Review: Lucky Dragons plus John Chantler at the Purcell Room

Lucky Dragons at the Purcell Room, February 2014
Drawing by Geoffrey Winston. © 2014. All Rights Reserved

Lucky Dragons and John Chantler
(Purcell Room, 8th February 2014; review and drawings by Geoff Winston)

Sarah Rara (left, above) and Luke Fischbeck (right) have taken their electronic-acoustic venture, Lucky Dragons, in to its fifteenth year and, in addition to getting on for 20 albums, have spawned a range of fascinating art and self-publishing projects. Theirs was an elegant, well-crafted presentation and performance which was capable of loitering in comfortable, meditative areas, yet hovered on the edges of abrasion.

To a backdrop of a projected hard-edge black and white repeat pattern they sat either side of a table on which rested laptops and electronic devices, Rara, clad in minimalist grey, to the left and Fischbeck to the right. Loops and repeats were carefully mobilised, overlaid and took on lightly trance-danceable rhythms which were allowed to become increasingly invasive.

The concert took on an additional dimension when Rara took up the mic, and her powerful voice dominated the electronics. Both raw and sampled, merging with Fischbeck’s organ timbres, her distinctive vocals were the vehicle for poetic and alliterative phrases, drawing on the ethereality of Laurie Anderson and the strength of Patti Smith.

There was a sense of participating in an architectural game when, with Rara kneeling by the table, the duo manipulated the geometry of the screen image by hand manoeuvres on the desk-located tablet.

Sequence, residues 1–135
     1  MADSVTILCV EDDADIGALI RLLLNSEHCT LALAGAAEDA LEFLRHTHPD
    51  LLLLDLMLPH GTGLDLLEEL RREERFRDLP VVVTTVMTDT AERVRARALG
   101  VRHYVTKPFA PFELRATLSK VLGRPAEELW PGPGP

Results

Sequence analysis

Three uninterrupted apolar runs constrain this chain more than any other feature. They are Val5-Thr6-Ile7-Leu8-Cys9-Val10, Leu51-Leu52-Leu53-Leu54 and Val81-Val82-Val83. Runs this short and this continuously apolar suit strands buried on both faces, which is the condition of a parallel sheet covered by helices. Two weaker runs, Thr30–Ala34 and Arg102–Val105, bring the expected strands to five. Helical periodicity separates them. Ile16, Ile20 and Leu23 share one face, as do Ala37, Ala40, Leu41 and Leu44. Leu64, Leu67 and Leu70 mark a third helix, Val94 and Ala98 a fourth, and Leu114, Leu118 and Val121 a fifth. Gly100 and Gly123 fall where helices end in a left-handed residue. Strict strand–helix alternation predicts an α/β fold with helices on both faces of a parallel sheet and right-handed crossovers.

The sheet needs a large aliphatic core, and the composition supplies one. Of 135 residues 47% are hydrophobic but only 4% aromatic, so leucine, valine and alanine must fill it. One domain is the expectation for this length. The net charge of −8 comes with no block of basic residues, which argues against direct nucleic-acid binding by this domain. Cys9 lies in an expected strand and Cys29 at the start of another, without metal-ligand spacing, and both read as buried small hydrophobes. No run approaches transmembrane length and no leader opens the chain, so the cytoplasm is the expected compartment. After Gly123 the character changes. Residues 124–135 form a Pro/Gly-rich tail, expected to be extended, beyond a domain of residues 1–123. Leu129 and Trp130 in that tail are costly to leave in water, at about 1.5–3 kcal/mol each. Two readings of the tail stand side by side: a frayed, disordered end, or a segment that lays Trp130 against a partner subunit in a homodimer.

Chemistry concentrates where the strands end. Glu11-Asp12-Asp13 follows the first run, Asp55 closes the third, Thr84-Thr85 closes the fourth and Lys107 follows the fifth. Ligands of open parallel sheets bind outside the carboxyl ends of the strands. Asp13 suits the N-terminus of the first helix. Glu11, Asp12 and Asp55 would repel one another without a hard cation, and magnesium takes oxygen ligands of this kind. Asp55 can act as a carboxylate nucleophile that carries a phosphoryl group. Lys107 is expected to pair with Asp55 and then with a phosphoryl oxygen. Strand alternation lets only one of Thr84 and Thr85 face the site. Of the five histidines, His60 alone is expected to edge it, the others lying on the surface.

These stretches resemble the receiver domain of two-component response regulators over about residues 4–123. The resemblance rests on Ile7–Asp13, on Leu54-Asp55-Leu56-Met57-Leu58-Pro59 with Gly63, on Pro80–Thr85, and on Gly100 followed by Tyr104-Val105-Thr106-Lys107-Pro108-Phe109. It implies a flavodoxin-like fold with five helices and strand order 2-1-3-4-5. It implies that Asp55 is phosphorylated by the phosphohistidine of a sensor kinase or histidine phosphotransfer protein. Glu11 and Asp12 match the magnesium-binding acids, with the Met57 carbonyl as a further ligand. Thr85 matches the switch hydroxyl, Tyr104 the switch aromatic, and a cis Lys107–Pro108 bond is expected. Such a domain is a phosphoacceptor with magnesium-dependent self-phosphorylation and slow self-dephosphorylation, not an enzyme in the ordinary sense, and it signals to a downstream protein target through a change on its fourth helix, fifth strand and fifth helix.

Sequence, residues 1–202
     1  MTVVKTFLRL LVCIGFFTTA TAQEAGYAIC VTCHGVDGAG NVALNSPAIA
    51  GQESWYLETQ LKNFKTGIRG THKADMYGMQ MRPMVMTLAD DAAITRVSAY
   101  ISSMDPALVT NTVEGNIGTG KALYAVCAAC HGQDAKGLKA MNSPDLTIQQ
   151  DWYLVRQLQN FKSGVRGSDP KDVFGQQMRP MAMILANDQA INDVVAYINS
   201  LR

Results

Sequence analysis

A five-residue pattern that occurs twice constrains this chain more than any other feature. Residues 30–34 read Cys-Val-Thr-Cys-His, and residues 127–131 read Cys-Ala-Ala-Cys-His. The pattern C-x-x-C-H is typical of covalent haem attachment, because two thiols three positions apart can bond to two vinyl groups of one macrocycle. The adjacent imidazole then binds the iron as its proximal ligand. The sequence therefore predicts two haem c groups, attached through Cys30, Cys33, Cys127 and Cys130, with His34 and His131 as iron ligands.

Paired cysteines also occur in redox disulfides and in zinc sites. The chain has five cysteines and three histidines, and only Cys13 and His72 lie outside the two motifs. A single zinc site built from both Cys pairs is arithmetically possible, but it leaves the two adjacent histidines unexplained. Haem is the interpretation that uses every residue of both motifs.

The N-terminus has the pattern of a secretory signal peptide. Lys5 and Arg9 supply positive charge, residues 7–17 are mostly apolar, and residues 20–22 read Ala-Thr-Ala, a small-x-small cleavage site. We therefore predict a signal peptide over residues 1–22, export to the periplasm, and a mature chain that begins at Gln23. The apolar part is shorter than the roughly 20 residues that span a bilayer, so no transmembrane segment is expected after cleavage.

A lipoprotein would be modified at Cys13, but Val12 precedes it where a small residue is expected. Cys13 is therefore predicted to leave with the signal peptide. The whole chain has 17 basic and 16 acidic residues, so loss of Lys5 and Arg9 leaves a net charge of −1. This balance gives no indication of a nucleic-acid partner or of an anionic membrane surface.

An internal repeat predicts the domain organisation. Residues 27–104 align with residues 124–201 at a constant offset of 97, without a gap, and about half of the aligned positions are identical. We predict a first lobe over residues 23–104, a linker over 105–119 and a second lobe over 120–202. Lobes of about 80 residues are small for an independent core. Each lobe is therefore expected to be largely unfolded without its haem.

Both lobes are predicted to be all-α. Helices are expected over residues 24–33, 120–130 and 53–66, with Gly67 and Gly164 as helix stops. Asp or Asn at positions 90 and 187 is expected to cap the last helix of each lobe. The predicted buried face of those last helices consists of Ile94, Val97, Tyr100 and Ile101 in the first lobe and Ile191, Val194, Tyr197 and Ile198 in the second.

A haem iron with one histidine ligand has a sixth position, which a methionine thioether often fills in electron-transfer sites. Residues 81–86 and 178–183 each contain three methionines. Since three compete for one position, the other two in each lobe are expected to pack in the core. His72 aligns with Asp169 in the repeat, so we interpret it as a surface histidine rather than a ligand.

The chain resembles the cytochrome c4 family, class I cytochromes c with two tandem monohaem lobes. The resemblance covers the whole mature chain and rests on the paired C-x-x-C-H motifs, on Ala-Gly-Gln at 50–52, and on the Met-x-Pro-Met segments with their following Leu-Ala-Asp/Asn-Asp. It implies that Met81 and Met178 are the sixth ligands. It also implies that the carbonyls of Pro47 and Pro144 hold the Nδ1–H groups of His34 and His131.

The end of the set, after only 50 minutes, had a somewhat inconclusive feel to it. Lucky Dragons seemed to have sidestepped, on this occasion, their much-vaunted inclusive approach to audience interaction and the close engagement that may have been anticipated.

Nonetheless we had experienced a unique slice of concentrated Lucky Dragons, a structured excursion in to the realms of electronica charted by Terry Riley and Philip Glass with a dash of Jon Hassell’s Dream Theory thrown in.

John Chantler at the Purcell Room, February 2014
Drawing by Geoffrey Winston. © 2014. All Rights Reserved

As support, John Chantler, also well-known to Londoners as one of the driving forces behind Cafe Oto, turned in an immersive, improvised electronics set on his Purcell Room debut. With something of the qualities of the Winter Olympics snowboarding – a measured, technical discipline crossed with unpredictable flourishes of flair and changes in momentum, Chantler built up a heady ice-storm with a spacious, textured slipstream.

Categories: miscellaneous

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